New York State is on the verge of enacting the first ever bill of rights for domestic workers. This week the state Senate passed the Domestic Workers’ Bill of Rights by a vote of 33-28. A similar bill was passed by the New York State Assembly last year. Once the two bills are reconciled, it will be sent to Gov. Paterson to sign.
The Domestic Workers’ Bill of Rights has been debated in the New York State Legislature for six years; its passage is long overdue. The bill would ensure the state’s nannies and housekeepers one day off per week, overtime pay, paid vacations, sick days, advance notice of termination and legal recourse when their rights are violated.
Successful passage of this bill was the result of organizing by domestic worker rights groups in New York such as Domestic Workers United, the Workplace Project, Andolan and Damayan. Over the past decade and a half, these groups have mobilized thousands of domestic workers, made treks to Albany to lobby the Legislature, held town hall meetings, protested at the homes of abusive employers, filed lawsuits for back payment of wages and held rallies, marches and vigils to raise awareness about the plight of private household workers. Because of their efforts, both Nassau County and New York City had previously passed legislation requiring employment agencies to inform domestic workers of their rights. But the current bill would make New York the first state to legislate a bill of rights for domestic workers who lack federal protection.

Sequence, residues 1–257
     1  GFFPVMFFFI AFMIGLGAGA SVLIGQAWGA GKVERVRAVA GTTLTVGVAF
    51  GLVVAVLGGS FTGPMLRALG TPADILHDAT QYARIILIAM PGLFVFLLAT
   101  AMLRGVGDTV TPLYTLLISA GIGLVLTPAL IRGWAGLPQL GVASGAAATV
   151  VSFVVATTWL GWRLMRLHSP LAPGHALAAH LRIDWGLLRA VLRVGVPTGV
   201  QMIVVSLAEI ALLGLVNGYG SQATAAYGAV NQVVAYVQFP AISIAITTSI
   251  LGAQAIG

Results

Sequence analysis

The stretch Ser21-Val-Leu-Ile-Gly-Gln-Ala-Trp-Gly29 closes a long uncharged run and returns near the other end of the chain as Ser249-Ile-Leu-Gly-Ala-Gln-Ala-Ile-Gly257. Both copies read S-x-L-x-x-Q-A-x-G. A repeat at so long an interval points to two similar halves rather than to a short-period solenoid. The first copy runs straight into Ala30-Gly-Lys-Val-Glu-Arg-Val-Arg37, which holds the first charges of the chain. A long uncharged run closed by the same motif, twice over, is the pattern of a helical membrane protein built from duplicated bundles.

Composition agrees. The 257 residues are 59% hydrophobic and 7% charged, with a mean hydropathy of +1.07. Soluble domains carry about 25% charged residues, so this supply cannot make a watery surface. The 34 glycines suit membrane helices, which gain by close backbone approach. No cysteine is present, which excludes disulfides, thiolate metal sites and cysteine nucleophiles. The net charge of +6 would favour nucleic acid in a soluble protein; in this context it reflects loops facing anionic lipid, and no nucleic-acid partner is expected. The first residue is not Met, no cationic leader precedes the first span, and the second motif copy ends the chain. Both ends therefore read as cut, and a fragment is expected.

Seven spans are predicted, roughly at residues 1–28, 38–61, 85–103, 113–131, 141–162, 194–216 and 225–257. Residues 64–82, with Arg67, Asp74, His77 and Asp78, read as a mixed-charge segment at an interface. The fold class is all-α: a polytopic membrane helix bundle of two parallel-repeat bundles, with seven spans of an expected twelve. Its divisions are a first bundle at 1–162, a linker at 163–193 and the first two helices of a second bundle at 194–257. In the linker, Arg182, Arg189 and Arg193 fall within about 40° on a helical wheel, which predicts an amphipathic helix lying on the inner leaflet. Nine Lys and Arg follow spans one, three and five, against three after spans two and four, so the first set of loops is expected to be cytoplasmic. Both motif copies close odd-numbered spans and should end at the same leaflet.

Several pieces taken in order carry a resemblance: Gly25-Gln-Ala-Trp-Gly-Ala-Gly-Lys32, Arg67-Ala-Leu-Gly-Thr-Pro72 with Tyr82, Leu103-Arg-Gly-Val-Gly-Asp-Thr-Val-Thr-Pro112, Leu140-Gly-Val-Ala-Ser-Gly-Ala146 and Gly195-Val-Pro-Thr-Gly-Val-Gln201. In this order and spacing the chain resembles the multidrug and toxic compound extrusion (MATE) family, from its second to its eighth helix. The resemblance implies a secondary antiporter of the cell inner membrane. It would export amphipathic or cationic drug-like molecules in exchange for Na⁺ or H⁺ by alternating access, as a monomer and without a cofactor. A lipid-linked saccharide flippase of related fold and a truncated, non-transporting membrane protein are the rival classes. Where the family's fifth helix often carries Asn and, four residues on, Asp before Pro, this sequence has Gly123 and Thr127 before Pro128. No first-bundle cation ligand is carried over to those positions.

Domestic workers (along with agricultural workers) were one of the few categories of workers excluded from the Fair Labor Standards Act (FLSA) and the National Labor Relations Act in the 1930s because of opposition by white southern congressmen who insisted on control over the largely black southern workforce. After 1974, domestic workers were included in FLSA minimum wage laws, but baby sitters and companions for the elderly are still not guaranteed minimum wage, and live-in workers are not assured overtime pay. Moreover, domestic workers don’t have the right to organize and bargain collectively and are excluded from the Occupational Safety and Health Act and civil rights employment laws, which only apply to workplaces with 15 or more employees.
The New York State Domestic Workers’ Bill of Rights will not address all the problems of private household workers who work in isolated settings and are often subject to abuse. But it will add a measure of regulation to an unregulated industry and is an important step toward ensuring for domestic workers some of the same rights that most other workers take for granted. Equally important, it will serve as a model for other states—and the nation—to consider similar legislation.